Read Lev. 15:25, how might this type of isolation have affected this woman’s life? In your opinion how much courage and faith did this desperate woman possess to make it through the crowd to touch the hem of Jesus’ garment?

When Jesus raised Jairus’ daughter from the dead, only her parents and Peter, James and John were present, and they were “completely astonished.” Recall a time the Lord completely astonished you in a time of need.

Summary Thought: The compassion of Christ is front and center in the graveyard, when the untouchable woman touched him, and beside the grieving parents.

Prayer Endings: In the name of Jesus who restores lives (vs. 15, 29, 42); In the name of Jesus, who brings healing to a graveyard (vs. 2)

Friday, May 07, 2010

The Motherless Hadassah

Two of my closest friends—in my teen years—didn’t have mothers. One had lost her mother in a car accident and only knew her from stories and pictures. My other friend’s mother died of cancer as her daughter entered her teen years. Last week, we considered the motherless Hadassah, biblical heroine Queen Esther.

Even though Hadassah grew up in the care of her male cousin, he instilled solid concepts that guided her entire life. Like many today, Hadassah didn’t grow up in a traditional home with her birth parents, but her godly training showed up in the way she later conducted herself.

Even under the additional trial of her and her countrymen’s captivity, Hadassah thrived. King Xerxes reigned over 127 provinces stretching from India to Ethiopia, plus many captives. When the king needed a replacement queen, his staff robbed the young beauties from every province so the king could have first dubs on gorgeous. The Persian version of the “The Bachelor” was about to begin. During the seizing, they accidentally picked the young Jewish girl Hadassah and deposited her into the care of Hegai, a eunuch in charge of the king’s harem. The harem was in the citadel of Susa surrounded by a moat.

“Every day,” her substitute parent, Mordecai “walked back and forth near the harem to find out how Esther was and what was happening to her” (2:11). Her cousin somehow got word for her to not reveal their heritage, and Esther complied. Esther’s story also reveals that during the confined year of required beauty treatments that Esther “continued to follow Mordecai’s instructions as she had done when he was bringing her up” (2:20). This says a moat load about her character. Even away from her guardian, her heart would not betray family instilled goodness.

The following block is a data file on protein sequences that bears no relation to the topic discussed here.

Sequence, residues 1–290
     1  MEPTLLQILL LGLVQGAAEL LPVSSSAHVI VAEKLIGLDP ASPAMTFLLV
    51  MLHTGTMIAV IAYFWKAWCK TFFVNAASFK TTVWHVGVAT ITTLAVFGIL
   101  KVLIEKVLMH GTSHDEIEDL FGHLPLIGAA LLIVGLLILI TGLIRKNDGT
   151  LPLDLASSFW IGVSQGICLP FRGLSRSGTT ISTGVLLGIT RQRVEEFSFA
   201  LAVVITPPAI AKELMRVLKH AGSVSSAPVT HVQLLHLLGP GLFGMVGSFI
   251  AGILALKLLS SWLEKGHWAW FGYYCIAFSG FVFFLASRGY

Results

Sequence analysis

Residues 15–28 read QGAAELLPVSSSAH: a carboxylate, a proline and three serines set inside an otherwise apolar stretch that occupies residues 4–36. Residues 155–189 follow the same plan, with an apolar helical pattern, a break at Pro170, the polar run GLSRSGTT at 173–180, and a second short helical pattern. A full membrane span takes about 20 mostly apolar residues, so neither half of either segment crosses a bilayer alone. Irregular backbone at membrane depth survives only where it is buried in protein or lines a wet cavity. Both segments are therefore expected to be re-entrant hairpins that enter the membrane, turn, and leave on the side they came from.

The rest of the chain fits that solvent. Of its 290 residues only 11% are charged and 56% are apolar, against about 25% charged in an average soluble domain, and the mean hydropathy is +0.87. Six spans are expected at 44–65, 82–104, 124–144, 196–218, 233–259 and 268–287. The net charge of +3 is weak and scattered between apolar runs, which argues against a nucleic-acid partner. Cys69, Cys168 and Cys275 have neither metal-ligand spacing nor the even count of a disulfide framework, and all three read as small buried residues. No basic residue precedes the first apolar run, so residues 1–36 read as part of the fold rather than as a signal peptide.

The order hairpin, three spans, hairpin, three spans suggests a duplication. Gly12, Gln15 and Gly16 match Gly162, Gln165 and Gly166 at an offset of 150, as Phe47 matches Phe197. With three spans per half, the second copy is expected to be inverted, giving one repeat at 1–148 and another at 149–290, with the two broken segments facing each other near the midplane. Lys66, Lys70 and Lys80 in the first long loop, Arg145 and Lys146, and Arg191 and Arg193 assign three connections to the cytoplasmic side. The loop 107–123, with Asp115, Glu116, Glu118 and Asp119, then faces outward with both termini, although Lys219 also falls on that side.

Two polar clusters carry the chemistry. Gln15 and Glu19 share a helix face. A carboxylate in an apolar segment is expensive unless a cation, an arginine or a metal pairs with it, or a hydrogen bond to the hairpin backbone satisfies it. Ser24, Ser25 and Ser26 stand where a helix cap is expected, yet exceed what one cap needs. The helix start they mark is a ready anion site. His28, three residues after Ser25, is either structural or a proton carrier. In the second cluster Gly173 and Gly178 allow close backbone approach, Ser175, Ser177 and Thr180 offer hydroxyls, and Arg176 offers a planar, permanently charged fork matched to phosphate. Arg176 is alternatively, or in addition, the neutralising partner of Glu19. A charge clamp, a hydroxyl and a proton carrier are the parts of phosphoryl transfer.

Esther was already a captive of the Persia and Media Empires, so in the harem she became a double captive of the system. For her, she was most likely moved from bare-existence living into luxury. It would be like a teen of today moving from the streets to a shopping mall, where she could have her choice of clothing and a food court where nothing had a price tag.

Any girl in Esther’s position might go a little crazy if plunged from poverty to palace—but not Esther. She was so compliant that she immediately won the favor of Hegai and he gave her seven personal maids from the King’s palace. These weren’t mere scullery maids, and she and her servants were given the best harem accommodations.

The young Esther was obviously not bedazzled by her lavish treatment. When it came time for any of the virgins to go to the king, she could pick whatever garment, perfume or beauty treatment she desired. Can you just imagine the razzle-dazzle that some of the girls chose, or what about the costumes that some of today’s teens might chose. But when Esther’s time came, she asked for nothing other than what the attendant suggested.

It’s simply human nature to be impressed with better-than-what-you-have. David and I won a night at the Hyatt Regency downtown Houston, and we were housed in an oversized room near the top with our own terry bath robes and a lovely hospitality room on that floor.